So yesterday (Sunday, April 12th), Hillary Rodham Clinton announced to the surprise of absolutely no one that she's running for President. I wonder if it took her so long to make that announcement because she just assumed everyone knew she was going to be President...er, running for President. Clinton's announcement of her run for the Presidency was about as shocking as finding out that the new season of Game of Thrones will have lots of violence.
The thing to remember is that none of this is a fait accompli which is Latin for "fat accomplice". Wait a moment, no, that's not it. It means, more or less, a done deal and I think we remember about 8 years ago when we thought it was a done deal that Hillary Clinton would win the Democratic nomination for President and had a really good shot at winning the whole thing. Hillary had already ordered her new Oval Office chair from A Sharper Image while Bill was reviewing White House diagrams for where he could put his secret "booty call closet".
Then a junior senator from Illinois named Barack Obama decided to get in the game. And all bets were off. Come November 2008, history was made not with the election of the United States' first female President but it's first African American President. (Unless you're Donald Trump; then Obama was our first African President.)
Is there anything on the horizon that similarly scuttle Hillary Clinton's coronation...I mean, election as President? 8 years ago, Obama was not completely off the radar. He had made a great impression with his keynote address at the 2004 Democratic Convention and captivated the imagination of millions of Americans. Still, I imagine the expectation was that if Obama had any Presidential aspirations, those would come to the fore after a couple of terms in the Senate. The Clinton camp didn't anticipate Obama jumping so quickly to run for President. Or at least, they hoped not.
If Hillary Clinton represented something new by offering America a chance at its first female President, she was at the same time still a symbol of more of the same. If she had won the Democratic nomination in 2008 and won the Presidency that year and again in 2012, this would have established an uninterrupted line of executive leadership by 1 of 2 families going back to 1980.
- 1980 to 1992 - George H. W. Bush - 12 years (8 years as Vice President, 4 years)
- 1992 to 2000 - Bill Clinton - 8 years
- 2000 to 2008 - George W Bush - 8 years
- 2008 to 2016 - Hillary Clinton - 8 years
And imagine if Jeb Bush still ran for the 2016 Republican nomination after a Hillary Clinton presidency and he won the election and held office for 2 terms. That would potentially be 44 years of either a Bush or a Clinton being the President or at least a heartbeat away.
But in the run up to 2008, Barack Obama represented something totally new. Not just breaking a barrier of prejudice to obtain the highest office in the land but a completely new face, new name and new perspective. Of course, 8 years of unyielding recalcitrance from the Republican hard right has diminished if not outright destroyed any of that heady optimism anyone may have had for an Obama presidency. And Obama himself has made more than a few political missteps in his time in office reflecting his relative political inexperience and naivete.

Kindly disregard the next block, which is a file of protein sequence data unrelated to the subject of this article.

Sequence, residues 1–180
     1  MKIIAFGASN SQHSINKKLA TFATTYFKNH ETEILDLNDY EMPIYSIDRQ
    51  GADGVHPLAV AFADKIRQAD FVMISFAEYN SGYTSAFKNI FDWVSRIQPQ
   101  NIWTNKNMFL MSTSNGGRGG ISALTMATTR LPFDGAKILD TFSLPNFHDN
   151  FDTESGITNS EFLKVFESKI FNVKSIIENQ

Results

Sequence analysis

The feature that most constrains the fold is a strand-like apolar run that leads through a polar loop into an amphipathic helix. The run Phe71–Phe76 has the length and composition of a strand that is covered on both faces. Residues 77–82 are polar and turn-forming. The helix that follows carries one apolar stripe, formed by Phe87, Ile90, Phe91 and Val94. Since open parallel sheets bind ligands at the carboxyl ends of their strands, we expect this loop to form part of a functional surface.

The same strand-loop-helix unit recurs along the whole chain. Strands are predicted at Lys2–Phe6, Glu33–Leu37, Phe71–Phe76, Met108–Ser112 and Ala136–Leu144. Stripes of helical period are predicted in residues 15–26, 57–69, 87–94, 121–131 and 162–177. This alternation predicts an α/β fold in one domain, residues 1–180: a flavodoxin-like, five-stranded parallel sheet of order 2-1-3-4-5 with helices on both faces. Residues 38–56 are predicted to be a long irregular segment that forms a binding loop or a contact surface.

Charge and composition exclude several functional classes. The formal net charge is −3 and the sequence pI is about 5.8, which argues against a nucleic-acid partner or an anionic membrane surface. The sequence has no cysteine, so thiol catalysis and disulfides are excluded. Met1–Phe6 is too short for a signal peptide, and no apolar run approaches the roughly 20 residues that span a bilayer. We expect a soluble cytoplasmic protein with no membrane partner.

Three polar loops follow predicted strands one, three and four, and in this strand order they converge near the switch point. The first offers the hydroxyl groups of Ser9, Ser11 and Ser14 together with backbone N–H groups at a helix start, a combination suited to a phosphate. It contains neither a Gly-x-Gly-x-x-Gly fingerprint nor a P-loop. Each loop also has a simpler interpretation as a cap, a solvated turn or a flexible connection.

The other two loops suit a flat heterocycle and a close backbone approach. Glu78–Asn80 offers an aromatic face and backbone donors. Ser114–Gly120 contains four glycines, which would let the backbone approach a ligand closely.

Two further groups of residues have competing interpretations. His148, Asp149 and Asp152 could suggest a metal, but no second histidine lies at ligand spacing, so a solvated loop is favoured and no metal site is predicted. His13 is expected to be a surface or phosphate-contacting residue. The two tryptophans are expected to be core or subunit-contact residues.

Not that Hillary Clinton is above such mistakes herself, such as the recent debacle over her e-mails while serving as Secretary of State.
But in the launching of Hillary For President 2.0, there's no Obama on the horizon. There's no one in the Democratic Party who can make a significant challenge to Hillary Clinton. Except maybe Sen. Elizabeth Warren but she's made it clear she has no intentions of running for President.
The lack of a Democratic challenger can possibly be detrimental to Clinton's campaign. It's now approximately 17 months from the actual election in November 2016. That's a lot of time for an unchallenged Clinton campaign to get complacent and soft. On the other hand, that's 17 months Clinton can focus her attention on her Republican opponents.
And that's an opposition that is still in disarray. So far Ted Cruz and Paul Rand have not inspired much confidence as being ready the big leagues of a national campaign but that's not much of an issue as they toss red meat to their respective bases, keeping them engaged and energized. But as other candidates sign up for this ride, someone's going to have to step up and be the grown up.
However, in a political system where ideology trumps practical leadership, being a grown up AND winning the Republican nomination can be a bit tricky. For exhibit A, look no further than Mitt Romney who had to run against his own record as Massachusetts governor in order to win the primaries to secure the nomination. Forced to twist himself into a political pretzel to appeal to the baser elements of the right wing ideologues running the party undermined Romney. The extreme right he courted didn't trust him and more moderate voters were unsure of what he stood for.
I don't foresee there being much change on the Republican front heading into 2016. Jeb Bush is probably as close as the GOP has to a "grown up" but he's already feeling the right wing pressure. If Jeb does make it to the 2016 nomination, he may be as damaged as Romney was in 2012.
Which brings us back to Hillary Clinton. So maybe this time is her time and once more history will be made as we elect our first female President. So for 17 months, she has to stay above the fray but not be aloof. She needs to keep her supporters from getting bored but avoid scandals and missteps. She needs to be bold but avoid being stupid. She needs to be the "grown up" but avoid appearing dull.
It's going to be a really, really, really long 17 months.
Everyone be good to one another.
I'm So Glad My Suffering Amuses You